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Finished Lefse

Potato Lefse is a Norwegian specialty, especially during Christmas, but also served during the year for special occasions. A simple recipe with few ingredients, but it takes a little practice to roll them out very thin and some muscles to rice the potatoes. So be ready to feel a little burn in your biceps!


5 c riced Idaho Russet potatoes, packed

1/2 c melted butter

3 T powdered sugar

2 c flour

1/2 t salt

1 Butter Stick for Serving

White or Brown Sugar for Serving


Aluminum Lefse Grill

Pastry Board & Cloth

7/8" Lefse Stick

Corrugated Rolling Pin

Potato Ricer

Rolling Pin Covers

2 Large Cotton Kitchen Towels

Large Strainer

Mixing Bowl and Utensil

Makes 16 rounds or 64 servings*

*(in reality 64 servings is impossible, nobody eats just one!)



  1. Peel and boil the potatoes until done, but not mushy. Drain well and let cool uncovered so steam can escape.

  2. Rice the potatoes before they are cool and then cool completely. My grandma Marcy highly recommends Idaho Russet Potatoes because they are drier so that is all I use! Why not optimize on her 80+ years of experience!

  3. Measure 5 cups of potatoes and mix in melted butter.

  4. Add remainder of ingredients and mix very well using your hands. Knead on flour cloth until smooth.

  5. To roll out, use 1/3 c of dough for each round, shaping with your hands into a smooth round ball as you would for buns. Place on floured cloth-covered pastry board and roll into a large round. The rounds should be almost translucent and rolled to 18" rounds to fit the lefse grill. If you start with a perfectly round ball of dough, it will be easier to maintain that round shape. Beginners sometimes say that their lefse looks like the state of Texas!

  6. Fry on hot grill, a few seconds on each side until a few brown spots appear. To look like an expert, do not make the spots too dark. It is best to have a helper at this point so that one can keep rolling rounds and the other can tend to the grill. When turning the lefse, pick up with the stick in the middle, then begin along edge and roll the stick until lefse is flat on iron.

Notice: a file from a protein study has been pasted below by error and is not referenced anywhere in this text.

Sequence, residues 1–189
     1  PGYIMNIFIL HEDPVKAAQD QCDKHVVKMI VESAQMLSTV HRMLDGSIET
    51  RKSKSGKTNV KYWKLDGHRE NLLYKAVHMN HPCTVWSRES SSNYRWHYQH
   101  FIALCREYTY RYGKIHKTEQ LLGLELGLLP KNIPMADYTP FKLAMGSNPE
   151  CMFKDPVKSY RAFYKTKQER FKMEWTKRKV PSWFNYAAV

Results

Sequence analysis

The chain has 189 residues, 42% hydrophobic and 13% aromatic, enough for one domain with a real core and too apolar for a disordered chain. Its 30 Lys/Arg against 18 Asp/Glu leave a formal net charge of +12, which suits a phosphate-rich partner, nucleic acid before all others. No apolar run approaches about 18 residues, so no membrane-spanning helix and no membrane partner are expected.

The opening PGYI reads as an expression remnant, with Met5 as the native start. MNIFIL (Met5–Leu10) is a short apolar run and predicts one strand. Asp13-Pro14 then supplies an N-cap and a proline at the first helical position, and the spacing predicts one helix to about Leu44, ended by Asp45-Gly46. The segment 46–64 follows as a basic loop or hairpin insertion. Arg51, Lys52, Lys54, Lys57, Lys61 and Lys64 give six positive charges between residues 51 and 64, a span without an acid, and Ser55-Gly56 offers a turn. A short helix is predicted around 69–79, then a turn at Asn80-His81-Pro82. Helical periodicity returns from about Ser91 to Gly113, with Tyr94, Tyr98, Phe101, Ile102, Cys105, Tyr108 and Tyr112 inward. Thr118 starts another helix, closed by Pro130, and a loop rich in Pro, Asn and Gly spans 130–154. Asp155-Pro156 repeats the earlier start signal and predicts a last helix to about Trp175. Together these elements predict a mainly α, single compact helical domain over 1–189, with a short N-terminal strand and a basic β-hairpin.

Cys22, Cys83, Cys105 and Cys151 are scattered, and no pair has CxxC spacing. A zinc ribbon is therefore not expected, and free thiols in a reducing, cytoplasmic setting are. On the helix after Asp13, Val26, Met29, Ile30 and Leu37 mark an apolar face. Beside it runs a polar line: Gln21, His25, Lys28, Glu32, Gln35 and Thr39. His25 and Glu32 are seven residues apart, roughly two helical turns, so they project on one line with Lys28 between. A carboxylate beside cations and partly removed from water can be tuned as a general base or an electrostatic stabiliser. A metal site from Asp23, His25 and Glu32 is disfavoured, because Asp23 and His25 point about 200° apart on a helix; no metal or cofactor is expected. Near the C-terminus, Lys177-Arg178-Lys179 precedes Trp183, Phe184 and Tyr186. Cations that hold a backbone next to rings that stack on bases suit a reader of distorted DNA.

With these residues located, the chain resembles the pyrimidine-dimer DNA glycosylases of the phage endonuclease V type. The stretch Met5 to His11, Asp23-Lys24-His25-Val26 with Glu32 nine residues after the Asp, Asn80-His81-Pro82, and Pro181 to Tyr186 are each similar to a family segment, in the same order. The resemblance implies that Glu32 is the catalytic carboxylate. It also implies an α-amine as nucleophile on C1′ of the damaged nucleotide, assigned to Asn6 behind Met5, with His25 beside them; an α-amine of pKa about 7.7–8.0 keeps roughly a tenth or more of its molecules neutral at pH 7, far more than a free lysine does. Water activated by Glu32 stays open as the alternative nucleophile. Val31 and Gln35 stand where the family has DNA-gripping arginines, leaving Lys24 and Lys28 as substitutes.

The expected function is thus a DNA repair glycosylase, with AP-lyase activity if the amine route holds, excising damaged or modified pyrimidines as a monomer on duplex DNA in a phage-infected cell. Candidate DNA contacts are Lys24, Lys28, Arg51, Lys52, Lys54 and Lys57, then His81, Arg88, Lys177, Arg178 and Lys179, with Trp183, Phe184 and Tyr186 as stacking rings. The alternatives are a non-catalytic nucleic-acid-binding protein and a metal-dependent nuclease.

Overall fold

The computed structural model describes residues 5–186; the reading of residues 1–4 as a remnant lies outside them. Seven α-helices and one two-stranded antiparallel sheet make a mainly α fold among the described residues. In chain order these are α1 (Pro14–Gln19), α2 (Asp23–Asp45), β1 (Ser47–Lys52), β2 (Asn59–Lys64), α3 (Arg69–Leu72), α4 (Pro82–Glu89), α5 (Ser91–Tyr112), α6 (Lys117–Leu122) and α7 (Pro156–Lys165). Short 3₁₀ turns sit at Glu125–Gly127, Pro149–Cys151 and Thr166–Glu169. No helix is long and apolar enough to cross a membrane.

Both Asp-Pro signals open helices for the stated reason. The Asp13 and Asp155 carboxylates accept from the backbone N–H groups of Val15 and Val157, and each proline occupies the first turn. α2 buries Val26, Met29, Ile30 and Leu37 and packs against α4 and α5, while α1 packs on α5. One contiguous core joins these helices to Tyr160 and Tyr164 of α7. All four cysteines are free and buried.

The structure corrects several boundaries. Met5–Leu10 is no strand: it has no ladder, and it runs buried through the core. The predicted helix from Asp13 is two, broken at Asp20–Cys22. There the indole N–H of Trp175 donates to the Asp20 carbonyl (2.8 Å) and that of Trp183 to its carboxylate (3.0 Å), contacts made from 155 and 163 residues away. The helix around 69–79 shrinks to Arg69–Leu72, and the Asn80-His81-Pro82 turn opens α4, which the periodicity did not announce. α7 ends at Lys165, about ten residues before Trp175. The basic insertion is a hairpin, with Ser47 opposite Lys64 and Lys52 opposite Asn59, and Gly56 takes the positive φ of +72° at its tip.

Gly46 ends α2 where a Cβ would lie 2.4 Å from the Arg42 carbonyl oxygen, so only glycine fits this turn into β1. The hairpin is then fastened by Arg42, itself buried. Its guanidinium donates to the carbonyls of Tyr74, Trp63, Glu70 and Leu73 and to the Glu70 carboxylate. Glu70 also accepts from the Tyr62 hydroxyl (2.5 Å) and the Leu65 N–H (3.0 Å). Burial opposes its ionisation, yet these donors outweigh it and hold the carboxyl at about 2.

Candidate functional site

7. Once both sides have been grilled, remove and place between two kitchen towels to cool. You do not want them to dry out. The typical serving size is 1/4 of a round.



My favorite way of eating lefse is to spread butter across one size and sprinkle with white sugar, roll up and enjoy! Many also enjoy lefse with butter and brown sugar instead or to mix brown and white sugar together. If you are serving a large group, you can place lefse unbuttered on the table with sugar and butter nearby or prepare them beforehand and roll up. My family does the latter and my husband always jokes that he enjoys being able to pick up a prepared lefse to eat at a moments notice without having to endure the agony of someone passing the butter and sugar at dinner like with his family. Lefse is always a favorite and often the highest priority to get on a plate once dinner is being served so be sure to grab more than one!



Lefse can stay fresh in the fridge for a few weeks depending on what else you have in your fridge. You can also freeze lefse, just fold into fourths and place in freezer bags. I recommend making small bundles of lefse in saran wrap then freezing in the bags so that you can take a few out at a moments notice without having to break apart from the group if they should freeze together.



  1. It can be hard to guess how many potatoes to start out with to make sure you have 5 cups so I just over boil and use the leftover riced potatoes as mashed potatoes for dinner!

  2. Put flour on the rolling pastry board and rub into the cloth with my hands. I then use the lefse stick to scrape off any excess flour.

  3. You may need to add flour to the board after a few rounds are rolled to keep the surface nice and dry. With this being said, try to use flour sparingly. If the dough is of the right consistency not much will be needed and you wont have to wipe off the grill after each use.

  4. If your lefse gets stuck to the board, use a knife to cut underneath the round and release it from the board. Then scrape off any wet dough and rub more flour over the wet spot. This spot may become a nuisance if not tended to regularly with more flour so it is best to give it a little love so you enjoy the rest of your lefse making experience.

  5. I have been to many lefse making parties. This offers a great way to have multiple helpers to tend to the different steps so that the process goes faster. I recommend boiling and ricing the potatoes beforehand, but friends can certainly help with that too!

Recipe belongs to my Grandma Marcy. I have just modified it to account for my own tips and more modern tools. I also used my Grandma Lillian's lefse grill and was given the rolling pin, board and cloth cover from my Grandma Marcy as a wedding gift. This certainly is a family favorite since it is cherished on both sides of my family.


Boiled & Cubed Idaho Potatoes
Riced Potatoes
Bethany Pastry Cloth, Lefse Stick and Rolling Pin


The Ingredients
Flouring the pastry board
Mixing Ingredients
Lefse ball ready to be rolled
Forming the ball to be ready to roll
Rolling the Lefse round
The Lefse Round
Lefse on the Grill
Turning the Lefse Stage 1
Turning the Lefse Stage 2
Turning the Lefse Round Stage 3
Butter and Sugar for Serving
Finished Lefse

#Recipe #Baking #Christmas #Scandinavian #Norwegian

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